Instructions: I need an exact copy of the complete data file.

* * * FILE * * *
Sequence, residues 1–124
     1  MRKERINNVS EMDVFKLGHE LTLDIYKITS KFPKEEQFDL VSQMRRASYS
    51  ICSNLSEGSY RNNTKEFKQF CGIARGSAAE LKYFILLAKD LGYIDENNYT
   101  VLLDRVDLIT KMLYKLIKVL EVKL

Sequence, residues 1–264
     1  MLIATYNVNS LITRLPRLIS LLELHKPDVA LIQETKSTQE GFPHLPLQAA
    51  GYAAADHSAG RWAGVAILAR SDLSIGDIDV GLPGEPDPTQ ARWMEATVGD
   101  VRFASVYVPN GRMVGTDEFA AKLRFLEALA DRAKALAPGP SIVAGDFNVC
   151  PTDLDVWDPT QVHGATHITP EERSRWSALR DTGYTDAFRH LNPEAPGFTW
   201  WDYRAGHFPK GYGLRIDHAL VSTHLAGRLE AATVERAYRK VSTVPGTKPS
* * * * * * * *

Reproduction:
Sequence, residues 1–124
     1  MRKERINNVS EMDVFKLGHE LTLDIYKITS KFPKEEQFDL VSQMRRASYS
    51  ICSNLSEGSY RNNTKEFKQF CGIARGSAAE LKYFILLAKD LGYIDENNYT
   101  VLLDRVDLIT KMLYKLIKVL EVKL

Sequence, residues 1–264
     1  MLIATYNVNS LITRLPRLIS LLELHKPDVA LIQETKSTQE GFPHLPLQAA
    51  GYAAADHSAG RWAGVAILAR SDLSIGDIDV GLPGEPDPTQ ARWMEATVGD
   101  VRFASVYVPN GRMVGTDEFA AKLRFLEALA DRAKALAPGP SIVAGDFNVC
   151  PTDLDVWDPT QVHGATHITP EERSRWSALR DTGYTDAFRH LNPEAPGFTW
   201  WDYRAGHFPK GYGLRIDHAL VSTHLAGRLE AATVERAYRK VSTVPGTKPS